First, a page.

Position: N 36 50.742 W 076 18.044
With the wind vane steering a good course on a close reach, we have a lovely, silent sail in 10-15 knots across the Albemarle Bay to the Pasquotank River and, finally, Elizabeth City.
On our way up the river we notice a huge building on the western shore. Later we look up and see a blimp hovering near the building.
Julie: “I wonder what that could be?”
Mark: “Maybe it’s a blimp factory.”
Julie: “Ha Ha. Yeah, right.”
Elizabeth City provides 14 free slips and a couple of bulkheads to which visiting boaters can tie up for two nights. If there are more than 4 new arrivals, the “Rose Buddies” put on a free wine and cheese reception! This has been going on for over 25 years – what a nice town!
We pick a slip, tie up, and go for a nice, long walk through the commercial district and the nearby old neighborhoods. Four more boats arrive, so at 4:30 we meander over to the Rose Buddies reception. There, we learn that the big building we went past earlier is, indeed, a blimp factory! All the blimps in America (except the Goodyear blimps) are made here!
We visit with the other boaters who have arrived then head back to the boat. When we get there, a voice message tells us Mark’s brother and sister in law are on their way to see us. We have a nice couple of days visiting with them, checking out the blimp factory, going for a sail, getting stopped by the Coast Guard for our first ever boarding (a random safety check – we passed), and catching up with each other – we haven’t seen each other since Mark’s dad’s funeral last fall.
Saturday morning we get up and walk about 50 few feet to the farmer’s market at the park behind the free slips. We buy four tomatoes, a bag of green beans, some zucchini, and some yellow squash – all for $4.00 – a good deal on some great vegetables. We say our goodbyes and head up the Pasquotank River toward the Great Dismal Swamp Canal.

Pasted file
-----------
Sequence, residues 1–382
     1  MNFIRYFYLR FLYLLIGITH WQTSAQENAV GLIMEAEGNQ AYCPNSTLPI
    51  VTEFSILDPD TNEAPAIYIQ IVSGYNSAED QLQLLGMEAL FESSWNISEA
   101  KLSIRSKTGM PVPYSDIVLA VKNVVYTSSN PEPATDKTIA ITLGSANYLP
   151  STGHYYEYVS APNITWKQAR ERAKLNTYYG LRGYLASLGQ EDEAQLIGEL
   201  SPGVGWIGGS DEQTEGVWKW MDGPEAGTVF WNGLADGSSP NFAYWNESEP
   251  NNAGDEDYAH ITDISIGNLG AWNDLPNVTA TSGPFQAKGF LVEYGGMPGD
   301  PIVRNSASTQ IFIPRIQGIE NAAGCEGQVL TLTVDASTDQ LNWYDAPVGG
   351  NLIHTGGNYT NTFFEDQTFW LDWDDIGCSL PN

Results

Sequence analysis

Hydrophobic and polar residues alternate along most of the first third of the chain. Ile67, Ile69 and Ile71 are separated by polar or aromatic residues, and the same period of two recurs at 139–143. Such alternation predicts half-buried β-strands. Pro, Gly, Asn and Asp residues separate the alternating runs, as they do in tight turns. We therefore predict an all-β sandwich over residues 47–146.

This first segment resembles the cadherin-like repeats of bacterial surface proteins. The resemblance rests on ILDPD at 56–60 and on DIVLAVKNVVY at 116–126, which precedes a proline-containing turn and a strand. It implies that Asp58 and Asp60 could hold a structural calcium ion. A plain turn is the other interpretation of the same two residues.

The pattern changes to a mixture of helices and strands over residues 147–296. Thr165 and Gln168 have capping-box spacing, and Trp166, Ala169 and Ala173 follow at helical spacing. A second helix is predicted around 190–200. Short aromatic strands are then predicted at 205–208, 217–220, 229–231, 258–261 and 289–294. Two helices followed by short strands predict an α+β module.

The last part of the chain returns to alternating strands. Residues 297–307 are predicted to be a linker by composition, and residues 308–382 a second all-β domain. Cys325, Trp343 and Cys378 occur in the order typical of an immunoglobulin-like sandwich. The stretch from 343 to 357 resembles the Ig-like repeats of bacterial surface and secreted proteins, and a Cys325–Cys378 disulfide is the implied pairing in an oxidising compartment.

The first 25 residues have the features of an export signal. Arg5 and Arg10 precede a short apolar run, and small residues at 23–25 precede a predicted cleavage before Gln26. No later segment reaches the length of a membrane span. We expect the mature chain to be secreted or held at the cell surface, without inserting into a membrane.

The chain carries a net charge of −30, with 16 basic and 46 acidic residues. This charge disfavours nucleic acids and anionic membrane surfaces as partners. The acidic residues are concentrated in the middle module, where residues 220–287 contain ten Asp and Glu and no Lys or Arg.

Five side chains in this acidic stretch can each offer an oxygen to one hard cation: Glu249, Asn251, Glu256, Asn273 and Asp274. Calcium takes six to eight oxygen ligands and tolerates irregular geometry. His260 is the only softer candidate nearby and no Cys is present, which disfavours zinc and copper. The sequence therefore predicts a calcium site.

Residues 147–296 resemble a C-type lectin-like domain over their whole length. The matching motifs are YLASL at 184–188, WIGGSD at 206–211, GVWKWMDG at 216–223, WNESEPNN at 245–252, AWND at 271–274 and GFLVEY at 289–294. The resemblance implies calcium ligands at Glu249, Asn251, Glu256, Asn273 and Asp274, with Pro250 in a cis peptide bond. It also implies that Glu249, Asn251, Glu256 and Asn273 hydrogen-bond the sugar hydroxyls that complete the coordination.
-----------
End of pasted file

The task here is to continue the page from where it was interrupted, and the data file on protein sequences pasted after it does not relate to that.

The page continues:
The Pasquotank River above Elizabeth City meanders and narrows but retains plenty of depth. We pass logs covered with turtles, spot lots of different birds and trees, and watch the swampy bits slide past. Surprisingly there are no bugs. The shore closes in on us and soon we’re negotiating the turns with only 20-30 feet between us and the log and stump strewn banks on either side.
We reach the lock up to the canal a few minutes after it closes so have to wait a couple of hours for the next locking. We drop the anchor on a short rode, sit back, and relax. That’s when we see it – a huge mottled snake thicker than Mark’s arm lying on a stump sticking out of the water only about 20’ from the boat. Another boat arrives and we point it out – the captain says “That’s a cottonmouth.” Wow. Poisonous!!!
The lock opens and we enter and loop our lines around the bollards. The water begins to rise and we’re lifted about 8-10’ up, taking up the slack in our lines as Rachel rises to the level of the canal. The lock opens and we’re presented with a 100’ wide arrow straight strip of water. We pass a small town and tie up for the night at the Dismal Swamp Visitors Center – the only visitor center in North Carolina that services both auto and boat traffic. We have a nice short walk around the immediate grounds, then retire to Rachel for dinner and a quiet night.
In the morning we go for a longer walk on the board walk through the swamp, a winding trail through the woods, and along a dirt road that parallels the canal. It’s beautiful here, but we’re ready to get going again. At about 9:30 we release the lines and have a nice leisurely run up to the next lock.
As we’re locking through, dropping 12’ or so, the lock keeper walks by and spots Mark’s conch horn. He asks Mark to play it for him, then disappears for a second. He reappears with a colorful painted conch and proceeds to give Mark a series of lessons guaranteed to make him a better, more versatile conch player. “Conch Horn Bill” has a well deserved reputation for being one of the best conch horn players around, and Mark appreciates being “schooled”.
A few more hours and we’re anchored at Hospital Point on the Elizabeth River, Mile 0 of the Intracoastal Waterway with only another hour or two to go until we’re on the Chesapeake Bay.